Script Engine


The script-engine allows for declarative tasks. This means that the worker is configured with a script and a payload schema. The payload is then passed to the script which is responsible for executing the payload. This is mostly in cases such as:

  • Security sensitive operations, where tasks shouldn't be allowed to execute arbitrary commands.
  • Workers without isolation where only very specific hardcoded actions are possible, and payload is used to inject arguments for said actions.

In both cases the main motivation for using script-engine is that it is undesirable to have tasks execute arbitrary commands. Whether because there is insufficient isolation or executing security sensitive operations, preventing tasks from executing arbitrary commands is a good way to avoid tasks causing havoc on a worker.

Worker Configuration

script-engine is configured with a command and schema as illustrated below:

engine: script
engines:
  script:
    command:
      - /usr/bin/bash
      - /home/jonasfj/worker-script.sh
    schema:
      # type object is required for the root of the schema
      type: object
      properties:
        binaryToSign: {type: 'string', format: 'uri'}
        verbose: {type: 'boolean'}
      required:
        - binaryToSign
plugins:
  disabled:
    # The following plugins are not useful when not executing arbitrary commands
    # as the input is JSON and the script decides what artifacts to output.
    # Similarly, there is no interactive support, when not executing arbitrary
    # commands. Other plugins may or may not be sensible depending on use-case.
    - artifacts
    - env
    - tcproxy
    - interactive
... # other worker configuration keys...

Tasks for this worker must now have a task.payload that satisfies the given schema. Notice that if other plugins are configured they may accept other properties on the task.payload and the worker will merge such schemas. An example task for the configuration above could look like:

{
  provisionerId: '...',
  workerType: '...',
  created: '...',
  ... // other top-level keys
  payload: {
    binaryToSign: 'https://example.com/file.tar.gz',
    verbose: true,  // this property is optional
  },
}

Script Interface

In the configuration example above the command/script configured was ['/usr/bin/bash', '/home/jonasfj/worker-script.sh']. This command will executed for each task with the following interface:

  • stdin of the command will passed the parts of task.payload matching configured schema, after which stdin is closed.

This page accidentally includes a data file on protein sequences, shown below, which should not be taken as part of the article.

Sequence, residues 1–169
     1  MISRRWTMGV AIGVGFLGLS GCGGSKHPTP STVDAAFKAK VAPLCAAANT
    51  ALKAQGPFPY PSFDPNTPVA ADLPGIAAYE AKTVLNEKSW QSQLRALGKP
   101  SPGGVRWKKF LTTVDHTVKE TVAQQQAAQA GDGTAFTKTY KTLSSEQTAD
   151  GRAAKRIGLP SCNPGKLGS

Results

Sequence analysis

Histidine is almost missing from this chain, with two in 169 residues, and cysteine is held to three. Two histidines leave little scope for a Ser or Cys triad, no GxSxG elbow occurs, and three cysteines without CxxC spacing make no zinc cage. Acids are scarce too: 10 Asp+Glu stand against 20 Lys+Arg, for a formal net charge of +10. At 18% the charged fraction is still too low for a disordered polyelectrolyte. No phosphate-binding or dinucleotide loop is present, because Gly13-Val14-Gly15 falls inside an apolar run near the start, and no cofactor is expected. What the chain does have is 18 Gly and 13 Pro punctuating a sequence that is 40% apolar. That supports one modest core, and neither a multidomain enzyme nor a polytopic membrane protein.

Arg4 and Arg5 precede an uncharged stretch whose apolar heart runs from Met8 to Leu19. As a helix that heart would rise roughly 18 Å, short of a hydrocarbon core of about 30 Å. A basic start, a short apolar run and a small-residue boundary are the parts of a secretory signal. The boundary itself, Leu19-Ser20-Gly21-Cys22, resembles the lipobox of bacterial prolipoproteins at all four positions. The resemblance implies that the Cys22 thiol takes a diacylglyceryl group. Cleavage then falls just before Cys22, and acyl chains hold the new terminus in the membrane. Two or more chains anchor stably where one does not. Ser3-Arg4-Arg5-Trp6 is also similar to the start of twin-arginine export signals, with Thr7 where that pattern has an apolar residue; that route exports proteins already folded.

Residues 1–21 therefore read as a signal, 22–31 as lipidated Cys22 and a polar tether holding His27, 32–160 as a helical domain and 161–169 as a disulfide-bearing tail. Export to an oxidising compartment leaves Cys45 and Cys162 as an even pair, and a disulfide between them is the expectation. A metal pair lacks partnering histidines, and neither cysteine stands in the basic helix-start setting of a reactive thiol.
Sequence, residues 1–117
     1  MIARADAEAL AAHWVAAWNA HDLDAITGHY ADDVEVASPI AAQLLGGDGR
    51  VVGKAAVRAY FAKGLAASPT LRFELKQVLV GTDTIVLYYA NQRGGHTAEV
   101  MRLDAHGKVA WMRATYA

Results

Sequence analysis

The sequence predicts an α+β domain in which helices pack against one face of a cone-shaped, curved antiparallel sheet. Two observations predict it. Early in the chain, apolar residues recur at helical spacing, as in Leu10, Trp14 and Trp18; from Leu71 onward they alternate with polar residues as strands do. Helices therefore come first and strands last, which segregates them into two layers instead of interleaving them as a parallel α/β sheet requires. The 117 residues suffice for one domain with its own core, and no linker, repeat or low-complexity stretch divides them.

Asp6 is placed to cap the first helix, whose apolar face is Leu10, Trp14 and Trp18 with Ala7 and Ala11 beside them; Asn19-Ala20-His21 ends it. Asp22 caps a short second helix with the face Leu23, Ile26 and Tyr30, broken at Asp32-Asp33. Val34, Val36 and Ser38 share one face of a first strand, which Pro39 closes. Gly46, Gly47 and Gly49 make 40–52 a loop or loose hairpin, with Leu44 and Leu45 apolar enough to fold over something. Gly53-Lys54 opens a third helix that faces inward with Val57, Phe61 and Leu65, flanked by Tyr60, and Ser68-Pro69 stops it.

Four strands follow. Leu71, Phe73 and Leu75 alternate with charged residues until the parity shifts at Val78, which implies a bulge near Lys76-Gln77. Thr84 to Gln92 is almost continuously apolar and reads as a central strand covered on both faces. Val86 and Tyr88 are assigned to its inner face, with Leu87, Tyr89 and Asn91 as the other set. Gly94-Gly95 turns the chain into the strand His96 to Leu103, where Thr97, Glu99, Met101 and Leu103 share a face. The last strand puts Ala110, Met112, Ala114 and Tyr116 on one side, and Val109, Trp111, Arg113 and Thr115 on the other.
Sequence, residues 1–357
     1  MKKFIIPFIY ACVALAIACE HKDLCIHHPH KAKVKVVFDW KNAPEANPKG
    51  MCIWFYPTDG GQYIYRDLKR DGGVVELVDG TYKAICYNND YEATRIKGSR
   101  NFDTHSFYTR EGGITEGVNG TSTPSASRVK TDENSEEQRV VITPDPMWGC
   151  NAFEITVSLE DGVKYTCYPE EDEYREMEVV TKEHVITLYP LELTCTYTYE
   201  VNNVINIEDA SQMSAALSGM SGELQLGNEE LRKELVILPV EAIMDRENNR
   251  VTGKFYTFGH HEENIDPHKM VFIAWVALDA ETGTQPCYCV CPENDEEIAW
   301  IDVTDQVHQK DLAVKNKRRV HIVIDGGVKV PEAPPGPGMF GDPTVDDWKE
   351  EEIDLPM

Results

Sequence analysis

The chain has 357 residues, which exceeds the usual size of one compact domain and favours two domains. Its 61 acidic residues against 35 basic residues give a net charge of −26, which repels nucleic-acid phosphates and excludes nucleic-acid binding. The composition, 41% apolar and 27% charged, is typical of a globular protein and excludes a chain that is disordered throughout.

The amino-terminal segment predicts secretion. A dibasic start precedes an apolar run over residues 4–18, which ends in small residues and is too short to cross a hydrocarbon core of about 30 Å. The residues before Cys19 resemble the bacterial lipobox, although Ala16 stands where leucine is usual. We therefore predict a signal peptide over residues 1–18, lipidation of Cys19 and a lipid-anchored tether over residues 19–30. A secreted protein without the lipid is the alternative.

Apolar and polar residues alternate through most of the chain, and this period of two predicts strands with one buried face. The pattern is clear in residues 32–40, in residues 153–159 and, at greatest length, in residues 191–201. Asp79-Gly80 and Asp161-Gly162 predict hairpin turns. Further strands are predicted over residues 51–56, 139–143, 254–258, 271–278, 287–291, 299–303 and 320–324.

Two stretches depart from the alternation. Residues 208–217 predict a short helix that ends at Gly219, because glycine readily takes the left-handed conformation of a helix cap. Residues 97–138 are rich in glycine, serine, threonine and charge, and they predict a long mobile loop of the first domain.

• Environment variables TASK_ID and RUN_ID will be accessible to the command.
  • Current working directory for the command will be a temporary folder that will be deleted once the task is completed. This folder will contain an ./artifacts/ folder that artifacts should be written to. (notice that public artifacts must be written to ./artifacts/public/...)
  • stdout of the command will exposed as task log.
  • stderr of the command will have lines prefixed [worker:error] and injected into the task log.
  • Signal SIGKILL will be sent if the command should abort and clean-up all sub-processes. Sent if the current task is aborted.
  • Exit code will be interpreted as follows:
    • 0, task completed (success),
    • 1, task failed,
    • 2, task exception with reason: malformed-payload (a message should have been written to stderr),
    • 3, task exception with reason: internal-error, but worker will continue (a message should have been written to stderr),
    • 4, exception with reason: internal-error, and worker will terminated gracefully (a message should have been written to stderr).
    • Other error codes are reserved.

Naturally, a script like '/home/jonasfj/worker-script.sh' should start by reading stdin until EOF and then parse the bytes read as UTF-8 encoded JSON.

The command script should generally avoid to resolve tasks with internal-error, however, this can be useful in cases where the inexplicable errors occurs. From the interface specification above there are two ways to report internal-error, namely exit codes 3 and 4. The difference between these is that 4 will stop the worker process from claiming more tasks and terminate.

Robust Deployments

When deploying taskcluster-worker it is often useful to configure the machine such that if the worker process exits, the machine will be reset, and the worker process restarted. Exactly what it means to reset the machine depends on the scenario, it could be:

  • Restarting the machine,
  • Destroy virtual machine and start from a snapshot, or,
  • Clean-up some folders and restart taskcluster-worker.

The idea is that taskcluster-worker will exit, if it encounters a fatal internal-error. This could be consistent network errors, exit code 4 from script, or some other internal error. While not all internal errors are fatal, the stoponerror plugin can be used to terminate on any internal error.

By doing a best-effort reset and restarting taskcluster-worker when it exits, it is possible to make a very robust deployment. Using the watchdog and maxruntime plugins it is easy to ensure that taskcluster-worker will exit should get stuck somewhere in the task processing cycle.